He made audiences feel cool as the fast-talking, smart-alec private eye David Addison in Moonlighting. He did it in three Die Hards, Pulp Fiction, Sin City and somehow in that movie where he puts words in a baby’s mouth. Can he still make us feel cool in Live Free or Die Hard, the fourth installment of the action series about a normal NYPD cop who always finds himself in the middle of absurdly dangerous terrorist plots? “I’m a gambling man by nature,” Willis says of returning to a franchise that started in 1988 and had its last installment 12 years ago. He admits that the second and third Die Hards were not great but says this one takes a retro action-movie plot (it’s pretty much WarGames meets WarGames) and makes it look contemporary. This isn’t last year’s Rocky movie, a wrap-up story about an old man. This is full-on, action-hero bombast.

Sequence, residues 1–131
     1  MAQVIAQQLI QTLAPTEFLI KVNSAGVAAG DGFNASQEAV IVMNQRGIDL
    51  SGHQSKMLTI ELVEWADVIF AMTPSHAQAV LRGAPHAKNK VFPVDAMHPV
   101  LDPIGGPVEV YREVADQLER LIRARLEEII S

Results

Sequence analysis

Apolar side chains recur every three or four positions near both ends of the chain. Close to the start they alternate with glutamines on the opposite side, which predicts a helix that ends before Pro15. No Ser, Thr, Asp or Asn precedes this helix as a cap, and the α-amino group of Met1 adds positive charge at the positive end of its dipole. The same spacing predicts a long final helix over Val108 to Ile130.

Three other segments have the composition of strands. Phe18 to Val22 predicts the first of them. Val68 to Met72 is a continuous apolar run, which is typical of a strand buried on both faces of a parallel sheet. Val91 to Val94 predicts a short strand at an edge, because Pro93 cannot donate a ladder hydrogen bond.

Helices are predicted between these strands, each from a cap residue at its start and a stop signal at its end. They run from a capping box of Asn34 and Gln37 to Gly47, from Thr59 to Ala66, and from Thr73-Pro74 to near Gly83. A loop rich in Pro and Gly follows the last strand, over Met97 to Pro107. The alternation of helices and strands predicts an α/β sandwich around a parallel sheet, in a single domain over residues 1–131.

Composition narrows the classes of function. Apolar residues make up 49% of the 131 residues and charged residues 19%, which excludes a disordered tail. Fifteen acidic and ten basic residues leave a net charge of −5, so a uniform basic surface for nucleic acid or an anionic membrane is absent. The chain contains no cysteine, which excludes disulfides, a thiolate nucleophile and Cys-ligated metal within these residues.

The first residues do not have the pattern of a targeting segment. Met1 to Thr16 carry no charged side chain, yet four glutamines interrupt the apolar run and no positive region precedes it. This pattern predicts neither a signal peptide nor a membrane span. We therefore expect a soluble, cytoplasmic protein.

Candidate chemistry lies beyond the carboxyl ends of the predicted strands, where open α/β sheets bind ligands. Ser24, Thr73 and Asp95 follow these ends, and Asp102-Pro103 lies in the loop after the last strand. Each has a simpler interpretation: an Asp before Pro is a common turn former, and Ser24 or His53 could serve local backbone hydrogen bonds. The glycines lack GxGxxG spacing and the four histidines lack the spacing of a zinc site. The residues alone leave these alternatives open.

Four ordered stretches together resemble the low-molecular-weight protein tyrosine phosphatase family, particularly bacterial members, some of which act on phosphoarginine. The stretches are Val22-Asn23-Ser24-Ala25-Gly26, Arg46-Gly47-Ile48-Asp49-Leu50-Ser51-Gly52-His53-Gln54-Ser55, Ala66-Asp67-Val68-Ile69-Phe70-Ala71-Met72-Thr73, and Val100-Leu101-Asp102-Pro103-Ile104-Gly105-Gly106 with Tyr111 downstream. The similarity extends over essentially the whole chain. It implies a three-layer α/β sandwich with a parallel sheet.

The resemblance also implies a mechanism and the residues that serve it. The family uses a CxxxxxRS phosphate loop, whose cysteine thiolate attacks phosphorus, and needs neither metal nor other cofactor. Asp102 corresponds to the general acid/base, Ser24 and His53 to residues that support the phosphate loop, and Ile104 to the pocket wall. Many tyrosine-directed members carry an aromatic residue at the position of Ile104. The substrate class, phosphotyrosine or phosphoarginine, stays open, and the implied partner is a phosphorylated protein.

So the risks weren’t just that the movie would be bad, or that a 52-year-old man would look silly jumping and diving, but that no one would care, that action movies are the westerns of our day, a product of ’80s American supremacy that can’t be resuscitated. Also, the risk was that Willis would break something on his body. “They played a Jedi mind trick on me and said, You’re getting older and shouldn’t do your own stunts, so of course I did my own stunts,” he said. He shows me, after some prodding, the spot near the bridge of his nose where he got 28 stitches after getting kicked in the head. “I just rubbed dirt on it and kept going,” he said, smirking. Really? “Yeah, just rubbed some dirt on it.” Seriously? He raises one eyebrow, either amused or disappointed or both. “No.”